A Brief History of Roller Derby

image courtesy F-Cruse
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Taught by Kat Vecchio

Kat Vecchio is a documentary filmmaker whose work explores American social and cultural history, with a particular emphases on gender and popular entertainment.

Currently she is directing Big Top, Little Lady, a feature documentary exploring the lives of the female circus performers who trilled the crowds during the early 20th century when the American train circuses were at the height of their popularity.

Her first film, This Is How I Roll, followed some of the first male skaters in the modern roller derby revival as they worked to find their place in a female driven sport. The film is both a humorous and heartfelt chronicling of the fringe of a fringe sport. It’s a unique look at the unexpected, if still familiar, gender politics that plague modern athletes.

She also the Manager of Grants and Investments at Fork Films, where she oversees and facilitates their documentary film grants program. 

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Most recognizable now as a predominately female driven contact sport with an edge, roller derby started as a co-ed marathon race during the Great Depression. The sport's strange and delightfully history is filled with odd twists and turns and some serious bumps and bruises.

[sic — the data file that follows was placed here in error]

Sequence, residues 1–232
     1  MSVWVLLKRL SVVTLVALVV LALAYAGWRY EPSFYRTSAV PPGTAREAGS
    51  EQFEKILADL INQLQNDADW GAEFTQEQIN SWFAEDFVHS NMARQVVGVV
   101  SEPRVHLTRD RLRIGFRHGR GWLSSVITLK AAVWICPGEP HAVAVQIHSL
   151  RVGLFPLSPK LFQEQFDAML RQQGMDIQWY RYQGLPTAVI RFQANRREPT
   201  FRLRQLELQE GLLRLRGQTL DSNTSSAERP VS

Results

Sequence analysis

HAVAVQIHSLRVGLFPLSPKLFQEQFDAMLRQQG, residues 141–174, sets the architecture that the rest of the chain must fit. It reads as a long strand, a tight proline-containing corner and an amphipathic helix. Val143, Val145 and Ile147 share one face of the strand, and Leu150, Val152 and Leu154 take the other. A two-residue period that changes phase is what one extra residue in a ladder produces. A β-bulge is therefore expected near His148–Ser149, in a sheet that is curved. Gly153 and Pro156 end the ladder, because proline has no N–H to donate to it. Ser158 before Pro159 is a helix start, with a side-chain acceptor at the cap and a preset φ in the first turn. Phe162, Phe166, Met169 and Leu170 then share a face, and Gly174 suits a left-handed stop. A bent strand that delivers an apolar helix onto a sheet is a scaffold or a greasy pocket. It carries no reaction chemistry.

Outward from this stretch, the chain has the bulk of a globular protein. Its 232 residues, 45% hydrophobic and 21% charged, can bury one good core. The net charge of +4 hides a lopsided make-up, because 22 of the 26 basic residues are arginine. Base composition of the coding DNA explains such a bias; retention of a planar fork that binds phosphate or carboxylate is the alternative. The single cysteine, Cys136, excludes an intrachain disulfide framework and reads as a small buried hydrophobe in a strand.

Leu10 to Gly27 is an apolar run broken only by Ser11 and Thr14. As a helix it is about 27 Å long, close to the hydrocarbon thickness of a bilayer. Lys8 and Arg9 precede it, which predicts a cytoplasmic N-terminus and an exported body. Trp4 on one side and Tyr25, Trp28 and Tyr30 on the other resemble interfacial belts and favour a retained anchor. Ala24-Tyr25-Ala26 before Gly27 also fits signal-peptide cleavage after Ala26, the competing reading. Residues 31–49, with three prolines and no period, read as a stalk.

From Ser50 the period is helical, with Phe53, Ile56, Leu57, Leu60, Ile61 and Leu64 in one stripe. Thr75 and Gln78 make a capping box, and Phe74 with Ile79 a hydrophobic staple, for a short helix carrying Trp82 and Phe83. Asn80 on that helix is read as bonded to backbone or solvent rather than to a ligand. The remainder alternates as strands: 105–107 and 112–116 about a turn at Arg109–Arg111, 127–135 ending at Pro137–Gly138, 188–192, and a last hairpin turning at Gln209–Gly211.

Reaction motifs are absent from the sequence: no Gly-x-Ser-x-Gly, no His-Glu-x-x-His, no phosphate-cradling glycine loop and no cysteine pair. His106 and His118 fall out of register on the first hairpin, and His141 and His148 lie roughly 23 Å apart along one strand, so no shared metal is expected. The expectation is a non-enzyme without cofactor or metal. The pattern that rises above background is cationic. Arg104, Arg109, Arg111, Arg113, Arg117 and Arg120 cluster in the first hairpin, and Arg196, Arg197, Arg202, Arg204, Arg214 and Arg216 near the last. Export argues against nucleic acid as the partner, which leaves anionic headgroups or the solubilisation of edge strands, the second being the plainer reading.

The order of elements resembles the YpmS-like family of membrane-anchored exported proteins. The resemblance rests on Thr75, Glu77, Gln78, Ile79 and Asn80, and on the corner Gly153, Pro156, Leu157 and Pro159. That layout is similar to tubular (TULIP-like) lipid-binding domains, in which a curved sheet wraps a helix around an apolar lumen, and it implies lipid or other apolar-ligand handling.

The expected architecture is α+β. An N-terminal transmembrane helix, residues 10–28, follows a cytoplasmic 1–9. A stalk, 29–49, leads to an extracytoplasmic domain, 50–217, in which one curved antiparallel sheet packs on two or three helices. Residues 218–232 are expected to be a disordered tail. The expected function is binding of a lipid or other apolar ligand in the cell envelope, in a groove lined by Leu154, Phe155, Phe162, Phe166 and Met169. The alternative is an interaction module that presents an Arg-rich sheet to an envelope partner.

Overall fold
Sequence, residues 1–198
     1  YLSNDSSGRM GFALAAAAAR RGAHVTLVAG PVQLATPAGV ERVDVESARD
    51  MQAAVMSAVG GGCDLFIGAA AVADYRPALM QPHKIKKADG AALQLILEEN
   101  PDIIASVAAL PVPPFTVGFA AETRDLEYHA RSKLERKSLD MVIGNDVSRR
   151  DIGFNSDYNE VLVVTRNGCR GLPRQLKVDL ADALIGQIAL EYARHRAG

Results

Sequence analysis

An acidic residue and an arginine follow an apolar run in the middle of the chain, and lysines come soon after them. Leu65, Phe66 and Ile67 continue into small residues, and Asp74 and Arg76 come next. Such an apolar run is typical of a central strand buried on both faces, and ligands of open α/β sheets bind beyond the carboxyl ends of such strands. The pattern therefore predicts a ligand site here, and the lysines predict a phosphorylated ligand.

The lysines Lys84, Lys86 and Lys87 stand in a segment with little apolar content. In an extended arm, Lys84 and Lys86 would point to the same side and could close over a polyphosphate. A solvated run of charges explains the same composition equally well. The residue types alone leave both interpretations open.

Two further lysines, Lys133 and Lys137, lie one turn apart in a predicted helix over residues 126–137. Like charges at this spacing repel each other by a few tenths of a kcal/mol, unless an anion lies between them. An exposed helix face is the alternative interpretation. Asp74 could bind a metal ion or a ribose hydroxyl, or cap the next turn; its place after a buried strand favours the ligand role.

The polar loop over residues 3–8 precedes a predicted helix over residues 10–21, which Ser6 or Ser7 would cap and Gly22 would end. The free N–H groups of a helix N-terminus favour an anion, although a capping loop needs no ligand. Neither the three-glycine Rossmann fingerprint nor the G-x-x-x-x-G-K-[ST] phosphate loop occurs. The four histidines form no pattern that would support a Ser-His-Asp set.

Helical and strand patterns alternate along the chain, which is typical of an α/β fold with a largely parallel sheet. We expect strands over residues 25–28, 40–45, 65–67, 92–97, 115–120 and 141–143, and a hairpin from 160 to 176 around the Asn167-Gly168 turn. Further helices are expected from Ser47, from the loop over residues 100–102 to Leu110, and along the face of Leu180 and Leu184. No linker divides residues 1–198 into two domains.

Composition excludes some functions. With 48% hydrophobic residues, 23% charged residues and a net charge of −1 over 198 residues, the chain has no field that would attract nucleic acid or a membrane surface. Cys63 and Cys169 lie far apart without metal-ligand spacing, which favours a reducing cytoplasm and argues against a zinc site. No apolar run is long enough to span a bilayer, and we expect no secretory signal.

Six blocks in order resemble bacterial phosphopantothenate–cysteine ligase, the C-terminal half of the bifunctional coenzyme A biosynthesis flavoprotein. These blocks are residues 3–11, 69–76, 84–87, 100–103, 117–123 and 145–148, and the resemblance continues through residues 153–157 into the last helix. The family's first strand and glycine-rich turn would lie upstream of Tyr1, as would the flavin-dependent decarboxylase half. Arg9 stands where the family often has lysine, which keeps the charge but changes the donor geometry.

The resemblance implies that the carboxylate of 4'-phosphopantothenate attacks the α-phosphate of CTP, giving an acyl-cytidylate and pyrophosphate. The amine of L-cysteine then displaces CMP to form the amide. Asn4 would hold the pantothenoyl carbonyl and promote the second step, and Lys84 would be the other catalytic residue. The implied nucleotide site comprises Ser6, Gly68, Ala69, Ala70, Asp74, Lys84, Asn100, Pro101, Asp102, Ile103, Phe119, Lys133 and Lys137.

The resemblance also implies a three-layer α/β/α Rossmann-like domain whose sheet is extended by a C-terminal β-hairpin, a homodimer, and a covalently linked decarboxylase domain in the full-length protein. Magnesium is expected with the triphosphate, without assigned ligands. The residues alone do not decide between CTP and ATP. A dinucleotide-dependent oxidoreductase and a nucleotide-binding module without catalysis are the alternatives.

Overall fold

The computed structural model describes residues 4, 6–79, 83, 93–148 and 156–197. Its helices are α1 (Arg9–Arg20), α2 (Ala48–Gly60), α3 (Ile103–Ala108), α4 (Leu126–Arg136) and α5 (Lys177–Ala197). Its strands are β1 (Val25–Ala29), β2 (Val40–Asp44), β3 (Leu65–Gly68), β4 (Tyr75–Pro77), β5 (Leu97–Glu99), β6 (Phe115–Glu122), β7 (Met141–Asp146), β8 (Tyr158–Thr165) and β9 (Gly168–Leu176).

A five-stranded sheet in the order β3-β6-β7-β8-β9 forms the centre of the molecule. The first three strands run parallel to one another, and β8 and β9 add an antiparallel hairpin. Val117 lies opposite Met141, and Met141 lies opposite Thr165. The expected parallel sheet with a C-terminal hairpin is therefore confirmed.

In this class, we'll explore the history of roller derby, including:

- More crashes, more cheers, more money! How a crafty promoter turned a marathon race into a full contact sport on 8 wheels.
- Co-ed, campy, and selling out Madison Square Garden, the golden years of roller derby.
- Did roller derby ever really die, or what do alligator pits have to do with it?
- From down in the heart of Texas comes a rock n' roll, beer soaked, DIY revival.
- From the style pages to the sports section, a backlash against the fishnets.
- Isn't that a women's sport? What happened when the boys wanted to play, too.
- Do they allow stage names in the Olympics? The future of roller derby.

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